New Jersey – The Garden State 🇺🇸

US state No 2

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It would have made sense to stop off in NJ, when I was travelling from NYC to Philadelphia, back in 2007, but for some reason I didn’t. Whilst volunteering in Montana though I became friends with a women who was from New Jersey and so she invited me back to her home town of Trenton, NJ the following year.

New Jersey and its capitol Trenton aren’t really popular places to visit for extended US city breaks, at least for us Europeans, anyway. Sandwiched by its more famous neighbours New York City and Philadelphia, New Jersey is probably more well known for Newark airport, which offers low cost flights to the East coast from the U.K. Most people I know, land in NJ and hop on a train or plane onward to somewhere else. Although I personally wouldn’t be able to justify the cost of a flight to New Jersey solely to visit the 4th smallest US state on its own, there is definitely enough here to justify adding it to your itinerary if you’re in New York or Pennsylvania.

Arrivals. You can fly direct to Newark airport from many U.K. cities, it takes just under 8hrs, add a few more if you have to change along the way. If you’re travelling in from New York, you can get the Long Island Rail Road from JFK Airport to Penn Station and then the New Jersey Transit across the border, this is pretty extensive network and gives you plenty of options of places to visit. If you fancied a visit as an add on from Philadelphia perhaps, then that’s easy too, as the Amtrak train goes from 30th Street Station in Philly and gets you to Trenton in just under 30 minutes, or catch the SEPTA from Philadelphia 30th St or Jefferson Station which takes you to Trenton, from the Transit Centre there, you can hop on the NJ Transit and get pretty much where you want.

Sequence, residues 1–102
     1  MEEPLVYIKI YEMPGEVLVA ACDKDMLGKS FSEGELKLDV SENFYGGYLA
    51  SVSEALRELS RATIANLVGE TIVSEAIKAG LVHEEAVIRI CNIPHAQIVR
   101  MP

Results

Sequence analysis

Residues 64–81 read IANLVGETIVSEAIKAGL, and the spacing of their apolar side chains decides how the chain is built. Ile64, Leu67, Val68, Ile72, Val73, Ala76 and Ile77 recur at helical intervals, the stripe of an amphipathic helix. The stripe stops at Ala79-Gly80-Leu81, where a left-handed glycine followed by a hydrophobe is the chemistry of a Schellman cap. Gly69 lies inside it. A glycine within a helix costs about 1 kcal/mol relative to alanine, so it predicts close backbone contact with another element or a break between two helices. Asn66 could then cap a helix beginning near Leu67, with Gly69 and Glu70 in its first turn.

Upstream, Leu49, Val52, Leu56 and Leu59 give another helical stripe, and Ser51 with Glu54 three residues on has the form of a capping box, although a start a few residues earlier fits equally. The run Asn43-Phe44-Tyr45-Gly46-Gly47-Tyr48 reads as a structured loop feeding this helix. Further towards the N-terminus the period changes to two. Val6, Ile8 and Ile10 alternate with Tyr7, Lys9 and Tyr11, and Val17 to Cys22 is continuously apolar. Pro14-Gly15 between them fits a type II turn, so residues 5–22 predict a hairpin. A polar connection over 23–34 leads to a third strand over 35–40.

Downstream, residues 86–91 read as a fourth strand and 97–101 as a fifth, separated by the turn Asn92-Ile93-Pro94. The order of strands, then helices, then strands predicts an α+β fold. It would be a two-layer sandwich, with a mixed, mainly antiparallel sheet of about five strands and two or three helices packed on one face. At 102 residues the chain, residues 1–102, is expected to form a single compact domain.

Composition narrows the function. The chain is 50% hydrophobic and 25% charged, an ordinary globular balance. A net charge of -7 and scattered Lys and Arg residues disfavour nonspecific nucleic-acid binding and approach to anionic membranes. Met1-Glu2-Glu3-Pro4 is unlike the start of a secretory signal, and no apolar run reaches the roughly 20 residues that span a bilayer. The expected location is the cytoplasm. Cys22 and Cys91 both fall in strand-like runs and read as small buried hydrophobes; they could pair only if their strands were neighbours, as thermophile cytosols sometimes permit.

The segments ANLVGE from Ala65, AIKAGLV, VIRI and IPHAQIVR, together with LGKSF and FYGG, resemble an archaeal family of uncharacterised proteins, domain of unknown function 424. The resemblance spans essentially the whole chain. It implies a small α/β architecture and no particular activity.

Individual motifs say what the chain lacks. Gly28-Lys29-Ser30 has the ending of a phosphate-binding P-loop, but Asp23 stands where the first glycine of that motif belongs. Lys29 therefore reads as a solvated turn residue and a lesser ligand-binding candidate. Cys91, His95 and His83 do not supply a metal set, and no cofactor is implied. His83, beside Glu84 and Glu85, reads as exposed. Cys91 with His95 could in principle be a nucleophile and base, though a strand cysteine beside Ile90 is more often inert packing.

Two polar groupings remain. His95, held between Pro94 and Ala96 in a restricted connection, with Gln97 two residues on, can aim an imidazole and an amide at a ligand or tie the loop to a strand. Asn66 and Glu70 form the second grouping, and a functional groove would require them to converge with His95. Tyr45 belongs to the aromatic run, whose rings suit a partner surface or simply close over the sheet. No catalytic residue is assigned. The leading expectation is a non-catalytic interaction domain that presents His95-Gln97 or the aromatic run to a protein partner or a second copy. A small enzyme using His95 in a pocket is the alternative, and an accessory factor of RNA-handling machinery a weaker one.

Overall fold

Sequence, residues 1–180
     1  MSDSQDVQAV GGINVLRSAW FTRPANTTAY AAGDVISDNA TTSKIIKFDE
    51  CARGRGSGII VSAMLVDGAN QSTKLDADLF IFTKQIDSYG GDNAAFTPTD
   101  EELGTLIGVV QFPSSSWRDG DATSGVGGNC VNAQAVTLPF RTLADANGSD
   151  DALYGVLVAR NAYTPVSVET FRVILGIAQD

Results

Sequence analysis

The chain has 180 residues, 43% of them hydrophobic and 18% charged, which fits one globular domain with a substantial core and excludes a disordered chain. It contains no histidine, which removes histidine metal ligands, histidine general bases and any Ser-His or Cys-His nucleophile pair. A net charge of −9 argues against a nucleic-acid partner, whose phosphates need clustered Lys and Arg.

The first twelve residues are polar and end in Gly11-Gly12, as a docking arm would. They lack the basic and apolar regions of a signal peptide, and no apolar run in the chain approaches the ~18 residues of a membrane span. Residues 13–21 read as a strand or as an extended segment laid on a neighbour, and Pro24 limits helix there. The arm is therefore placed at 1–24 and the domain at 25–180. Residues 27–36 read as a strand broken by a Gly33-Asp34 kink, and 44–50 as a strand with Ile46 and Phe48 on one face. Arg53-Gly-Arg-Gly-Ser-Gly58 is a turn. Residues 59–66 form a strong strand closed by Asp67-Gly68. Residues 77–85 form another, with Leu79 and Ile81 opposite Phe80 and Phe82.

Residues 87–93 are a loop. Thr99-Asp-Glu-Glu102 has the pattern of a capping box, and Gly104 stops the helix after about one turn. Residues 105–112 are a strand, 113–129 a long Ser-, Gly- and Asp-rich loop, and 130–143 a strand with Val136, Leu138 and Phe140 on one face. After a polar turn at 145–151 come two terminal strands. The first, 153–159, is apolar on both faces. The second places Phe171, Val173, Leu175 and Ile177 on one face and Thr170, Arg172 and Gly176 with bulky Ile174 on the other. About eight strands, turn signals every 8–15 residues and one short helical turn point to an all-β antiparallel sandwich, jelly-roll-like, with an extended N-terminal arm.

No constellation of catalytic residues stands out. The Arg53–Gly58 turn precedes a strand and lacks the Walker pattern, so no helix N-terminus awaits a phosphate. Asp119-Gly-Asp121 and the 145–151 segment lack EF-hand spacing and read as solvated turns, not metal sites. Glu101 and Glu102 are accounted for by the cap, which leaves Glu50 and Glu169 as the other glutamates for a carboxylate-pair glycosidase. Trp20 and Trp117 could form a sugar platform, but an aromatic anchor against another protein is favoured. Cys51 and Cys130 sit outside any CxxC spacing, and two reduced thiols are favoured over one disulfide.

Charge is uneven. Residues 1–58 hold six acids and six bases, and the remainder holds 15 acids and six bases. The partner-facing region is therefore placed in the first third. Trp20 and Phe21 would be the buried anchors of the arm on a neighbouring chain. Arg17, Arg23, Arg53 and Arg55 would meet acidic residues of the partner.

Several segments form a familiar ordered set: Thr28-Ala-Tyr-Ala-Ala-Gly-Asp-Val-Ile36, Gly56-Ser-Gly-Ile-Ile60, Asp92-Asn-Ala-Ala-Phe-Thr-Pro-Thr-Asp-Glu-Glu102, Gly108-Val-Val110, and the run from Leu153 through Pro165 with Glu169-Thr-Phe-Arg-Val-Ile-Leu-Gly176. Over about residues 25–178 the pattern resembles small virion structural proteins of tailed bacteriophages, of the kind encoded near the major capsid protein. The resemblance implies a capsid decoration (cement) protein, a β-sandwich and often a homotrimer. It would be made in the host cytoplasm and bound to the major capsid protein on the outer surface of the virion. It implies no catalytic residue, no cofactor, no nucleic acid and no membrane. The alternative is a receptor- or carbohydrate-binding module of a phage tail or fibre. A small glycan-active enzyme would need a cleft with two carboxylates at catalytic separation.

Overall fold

So as it’s not too complicated to get there, what should you do once you have made the effort? Well I originally visited because I had an invitation, and so my gracious hosts took me around thier home state and to some of their favourite places and I’m really glad I made the trip, and oh yeah, and the accents were amazing!

Sights. The capital is Trenton, and it is here where I was based for my stay.  I was lucky enough to be staying with friends in their apartment and they had a car, so I was chauffeured around, which was a novelty for me. But as I mentioned earlier, the New Jersey Transit is really extensive, so I don’t think a car is essential here if you just fancy doing a few tourist spots. There is a lot of history in this small state, and if Revolutionary War history or US history in general is your thing, then a visit to The Old Barracks is a must, as it’s the last remaining British army barracks in North America. I always like to get a good history lesson if I’m new to a place and so a stop at the N J State Museum is the perfect way to learn about both the cultural and natural history of the region. There are loads more museums in Trenton, so depending on time and your interests, you could easily fill a day here, along with a visit to one of the many parks, shops and restaurants.